Perhaps this would give some indications of whether we (US) is putting our funding and staffing where our mouth is with respect to cyber. I think that because the underlying platforms heavily implicate the private sector and its interests the real battle is not over who does it but who pays for cyber security because likely to be expensive. As CSIS reported last December it really is different that CIP generally and HS. Perhaps at the same time a review of the entirety of the federal telecommunications effort would be appropriate. There used to be a Telecommunications Adminsitration in Commerce and not sure if it is still there. The FCC is involved and so are other organizations like the NCS which is part of the NPPD in DHS. My point is that we don’t still have a really good baseline even though I would argue that IT and telecommunications are now as large a sector of GDP as autos if not larger. Only two agencies opposed the AT&T consent order in 1982, DOD and FEMA. I think the 1996 Telecommunications Act did not understand the cyber world developing and the PCCIP report did not get issued until the fall of 1997. I think the whole arena of Cyber Security needs a massive upgrade and is much more important that certain other well staffed and well funded federal efforts. And in DOD I see a totally new force (purple suits) running for all the ARMED FORCES cyber and IT through safety and security to R&D. Hey if we grow enough purple forces maybe we will not need the former uniformed services. Except for boots on the ground of course. Nuclear surety, safety and command and control should also be totally purple suited.

Comment by christopher tingus

August 11, 2009 @ 4:57 am

The color purple embodies the stimulation of red and the calm of blue and is indeed appropriate in the 21st century.

While it may indeed not be the favorite color of the majority of participants, purple denotes mystical qualities, nobility, intellect, pervaded with spirituality inherent to a “Cyber Command” having a broad, yet specific objective in defending the honor of this great nation and most charitable people!

Mr. & Mrs. Citizen Joe hopes that those entrusted to have the keen insight into the ever evolving cyber world as portrayed by the levels of complexities will be addressed with urtgency for after all we worry at our infancy in competency, but still utilize firewall and other secuity of on simple laptop.

While we thought our government leadership on both sides of the aisle would have identified long ago the necessity to be not one, but ten or more “levels” ahead of those intent to commit “cyberblackmail” or worse….

The competent leadership replacements mentioned herein are much welcomed.

Their invaluable insight are most needed as we ratchet up the numbers of Cyber Security Command and challenge the “KGB Putinites” for they, too are getting the notion that their men in black should be “cyber savvy” as I refer to the “Purple Command” though it is the more than capable pan-Asian computer literacy which already has far reaching affects….

Let’s get a move on all this and prioritize the the well respected – purple people – for they are integral to the team if we wish to deter those that are onbviously seeking our demise 24×7.

Again, all hats off to the folks especially at NSA and others in other agencies who each and every day are committed to the strategy and intellect required to obliterate the opponent at every level of mastery.

With all the DS Lites walking around the malls these days, I have much confidence that if we can keep the WMD out of the hands of those wishing to swipe the WMDs in Pakistan from our sight, the little purple people playing Wii and other will be a formidable force and serve our great nation with the strength depicted by Red Power Ranger and the confidence and calmness often associated with the Blue Power Ranger!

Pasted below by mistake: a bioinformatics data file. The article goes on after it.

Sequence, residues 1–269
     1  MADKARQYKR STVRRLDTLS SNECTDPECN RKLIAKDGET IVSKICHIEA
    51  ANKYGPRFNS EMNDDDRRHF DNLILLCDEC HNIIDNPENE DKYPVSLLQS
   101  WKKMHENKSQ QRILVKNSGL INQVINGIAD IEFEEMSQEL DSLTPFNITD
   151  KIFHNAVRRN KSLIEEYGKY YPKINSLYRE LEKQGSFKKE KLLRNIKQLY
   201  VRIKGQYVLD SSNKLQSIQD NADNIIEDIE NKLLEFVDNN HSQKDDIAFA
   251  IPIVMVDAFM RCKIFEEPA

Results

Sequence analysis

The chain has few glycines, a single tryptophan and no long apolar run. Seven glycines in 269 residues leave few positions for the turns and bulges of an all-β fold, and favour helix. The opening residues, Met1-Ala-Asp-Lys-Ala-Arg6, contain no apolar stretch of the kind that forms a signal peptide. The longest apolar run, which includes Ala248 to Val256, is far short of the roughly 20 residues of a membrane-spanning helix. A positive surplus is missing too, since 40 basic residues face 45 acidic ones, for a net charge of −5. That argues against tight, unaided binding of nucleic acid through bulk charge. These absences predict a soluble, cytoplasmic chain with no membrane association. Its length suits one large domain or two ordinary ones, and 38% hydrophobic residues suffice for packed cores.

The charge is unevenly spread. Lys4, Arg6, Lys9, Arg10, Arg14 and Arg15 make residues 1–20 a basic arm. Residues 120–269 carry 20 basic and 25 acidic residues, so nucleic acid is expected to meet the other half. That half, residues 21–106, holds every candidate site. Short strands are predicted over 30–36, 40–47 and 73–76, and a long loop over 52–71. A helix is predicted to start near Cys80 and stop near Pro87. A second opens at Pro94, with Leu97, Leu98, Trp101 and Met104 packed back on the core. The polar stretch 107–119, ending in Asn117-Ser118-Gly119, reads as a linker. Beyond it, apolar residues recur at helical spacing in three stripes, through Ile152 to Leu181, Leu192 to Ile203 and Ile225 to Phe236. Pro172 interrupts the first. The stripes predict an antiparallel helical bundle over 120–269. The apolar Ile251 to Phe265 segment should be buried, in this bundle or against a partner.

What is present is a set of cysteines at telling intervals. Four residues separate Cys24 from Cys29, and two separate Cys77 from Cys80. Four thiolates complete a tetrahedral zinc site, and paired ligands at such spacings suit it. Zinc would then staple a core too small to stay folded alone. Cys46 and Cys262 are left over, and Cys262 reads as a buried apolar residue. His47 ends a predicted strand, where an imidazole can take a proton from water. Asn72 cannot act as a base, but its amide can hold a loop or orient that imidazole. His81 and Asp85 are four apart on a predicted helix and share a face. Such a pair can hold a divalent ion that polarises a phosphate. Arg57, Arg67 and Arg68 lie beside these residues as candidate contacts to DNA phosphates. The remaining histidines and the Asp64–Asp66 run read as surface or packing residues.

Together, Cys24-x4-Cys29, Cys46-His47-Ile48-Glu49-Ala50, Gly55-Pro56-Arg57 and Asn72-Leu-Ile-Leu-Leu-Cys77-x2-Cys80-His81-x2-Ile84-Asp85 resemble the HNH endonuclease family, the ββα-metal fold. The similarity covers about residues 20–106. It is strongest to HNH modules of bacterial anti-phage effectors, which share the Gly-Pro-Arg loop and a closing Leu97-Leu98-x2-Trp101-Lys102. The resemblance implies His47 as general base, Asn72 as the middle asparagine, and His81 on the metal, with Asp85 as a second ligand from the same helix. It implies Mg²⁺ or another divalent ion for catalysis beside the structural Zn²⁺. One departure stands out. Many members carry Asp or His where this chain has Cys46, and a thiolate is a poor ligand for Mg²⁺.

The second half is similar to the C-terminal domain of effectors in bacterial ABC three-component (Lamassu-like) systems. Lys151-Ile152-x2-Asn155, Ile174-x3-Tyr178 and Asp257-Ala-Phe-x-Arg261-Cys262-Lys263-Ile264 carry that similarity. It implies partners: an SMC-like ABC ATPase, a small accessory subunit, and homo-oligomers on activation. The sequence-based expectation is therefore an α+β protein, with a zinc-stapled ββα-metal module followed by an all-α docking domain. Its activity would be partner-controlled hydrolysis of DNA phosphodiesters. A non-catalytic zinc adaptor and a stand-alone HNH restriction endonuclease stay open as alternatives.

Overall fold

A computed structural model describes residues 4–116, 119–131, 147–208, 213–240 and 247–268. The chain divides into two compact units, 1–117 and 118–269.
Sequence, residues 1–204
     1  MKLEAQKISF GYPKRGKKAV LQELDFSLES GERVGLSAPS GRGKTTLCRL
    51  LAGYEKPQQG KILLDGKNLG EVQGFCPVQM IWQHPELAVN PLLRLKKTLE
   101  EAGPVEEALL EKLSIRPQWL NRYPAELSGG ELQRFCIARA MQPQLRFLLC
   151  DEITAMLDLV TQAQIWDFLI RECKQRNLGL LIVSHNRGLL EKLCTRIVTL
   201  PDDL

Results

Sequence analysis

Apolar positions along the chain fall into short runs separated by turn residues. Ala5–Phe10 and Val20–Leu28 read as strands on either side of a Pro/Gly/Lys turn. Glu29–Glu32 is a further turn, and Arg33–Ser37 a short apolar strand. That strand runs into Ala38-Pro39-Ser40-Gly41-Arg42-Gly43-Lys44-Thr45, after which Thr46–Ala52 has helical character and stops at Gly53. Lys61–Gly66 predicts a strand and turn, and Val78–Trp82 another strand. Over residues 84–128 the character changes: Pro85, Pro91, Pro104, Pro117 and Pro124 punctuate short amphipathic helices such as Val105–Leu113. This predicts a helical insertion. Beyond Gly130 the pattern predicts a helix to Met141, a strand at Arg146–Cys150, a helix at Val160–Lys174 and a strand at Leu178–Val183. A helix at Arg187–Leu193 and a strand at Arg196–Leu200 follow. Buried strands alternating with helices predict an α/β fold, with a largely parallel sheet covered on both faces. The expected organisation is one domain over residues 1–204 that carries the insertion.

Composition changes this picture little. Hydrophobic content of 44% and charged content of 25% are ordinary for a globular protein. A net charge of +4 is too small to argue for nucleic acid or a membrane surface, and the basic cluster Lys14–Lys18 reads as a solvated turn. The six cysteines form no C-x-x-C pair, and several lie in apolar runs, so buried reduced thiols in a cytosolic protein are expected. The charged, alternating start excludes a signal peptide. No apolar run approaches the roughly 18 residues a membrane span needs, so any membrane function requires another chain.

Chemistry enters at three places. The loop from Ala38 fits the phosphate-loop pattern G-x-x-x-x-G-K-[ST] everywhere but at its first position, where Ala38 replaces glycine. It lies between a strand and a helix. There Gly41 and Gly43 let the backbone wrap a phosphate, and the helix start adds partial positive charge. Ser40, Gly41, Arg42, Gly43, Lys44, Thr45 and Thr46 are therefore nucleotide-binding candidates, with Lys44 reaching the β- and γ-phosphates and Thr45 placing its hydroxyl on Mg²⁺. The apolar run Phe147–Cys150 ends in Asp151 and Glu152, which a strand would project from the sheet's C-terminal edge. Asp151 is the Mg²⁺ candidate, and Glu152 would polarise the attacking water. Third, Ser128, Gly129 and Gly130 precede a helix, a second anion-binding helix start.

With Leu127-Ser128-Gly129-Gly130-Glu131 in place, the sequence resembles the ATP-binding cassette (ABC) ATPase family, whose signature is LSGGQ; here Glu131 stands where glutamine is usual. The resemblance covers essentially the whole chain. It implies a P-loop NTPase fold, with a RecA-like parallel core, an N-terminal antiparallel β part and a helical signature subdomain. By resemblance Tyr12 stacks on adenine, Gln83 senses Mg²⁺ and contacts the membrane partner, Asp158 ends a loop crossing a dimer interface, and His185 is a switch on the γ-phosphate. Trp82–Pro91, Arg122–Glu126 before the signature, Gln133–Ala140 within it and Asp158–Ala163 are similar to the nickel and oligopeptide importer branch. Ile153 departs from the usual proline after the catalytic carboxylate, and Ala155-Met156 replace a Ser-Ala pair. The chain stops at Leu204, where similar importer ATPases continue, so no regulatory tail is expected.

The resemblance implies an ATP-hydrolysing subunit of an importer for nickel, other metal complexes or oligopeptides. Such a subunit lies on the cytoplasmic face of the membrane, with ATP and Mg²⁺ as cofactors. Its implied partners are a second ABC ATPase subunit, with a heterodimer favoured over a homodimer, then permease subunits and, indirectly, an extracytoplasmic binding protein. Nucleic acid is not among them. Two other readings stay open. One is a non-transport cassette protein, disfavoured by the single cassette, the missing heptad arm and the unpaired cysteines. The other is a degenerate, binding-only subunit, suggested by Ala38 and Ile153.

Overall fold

Christopher Tingus
Harwich, MA 02645 USA

Comment by Sam Clovis

August 11, 2009 @ 12:53 pm

I find this blog one of the most useful, thoughtful and informative venues for gaining insight into the incredibly complex homeland security policy arena. I do, however, want to bring to the attention of readers something to think about as we contemplate the direction of the nation.

My concern is not with the fact that we cannot find anyone to fill the cyber “czar” position. I am more concerned with the fact that we need a czar at all. The Czar construct of governance is very disturbing to me. This form of governance feeds an expansion of power in the Executive Branch that is outside the Constitutional guarantees afforded through the explicit checks and balances codified in our Founding Document.

The Senate of the United States Congress, as is written into the Constitution, is to provide “advice and consent” on “principal officers” that are to work in the Executive Branch. Czars are not vetted through this process. Similarly, there is no official oversight of the Czars or their operations anywhere in the Congress. These officers have policy-making authority without constraint. Thus, an extra-constitutional governance structure is established that is not subject to Constitutional scrutiny.

If one were to examine the 34 Czars established by this administration, one would see that there is a great deal of redundancy with existing Executive Branch departments. In fact, one does not have to work very hard to assign the Czars to departments. Why, then, would the President of the United States think it necessary to establish such a governance structure?

President Reagan established one Czar and in the intervening administrations there have been 8 more czars appointed. There are 34 czars established by this administration. These structural modifications to the executive branch are wholly inappropriate if there are no checks and balances that protect the integrity of Constitutional government and, to the ultimate end of popular sovereignty, that the government not operate at the behest of those governed.

The Constitution is the codification of a solumn agreement between the people and those charged to govern prudently, wisely and cautiously. Any governance structure that circumvents checks and balances and that operates without an ear for the voice of the people should be viewed with concern. For me, the government outlined in the Constitution is good enough.

Comment by William R. Cumming

August 18, 2009 @ 8:40 am

Agree completely with Sam’s comment above. I knew we were in excess of 20 Czars and Czarinas but good to know they are now in excess of 30!

Perhaps SECTION 301 of the US Code should be modified to require delegation only to those positions requiring Advise and Consent by the Senate. In an early case (180-3) the SCOTUS held that anyone dealing with a government official (clerk?) was entitled to know their position and what authority they had been delegated. Perhaps the Imperial Presidency needs some trimming of its royal perogatives if our democracy (republic) is to be preserved.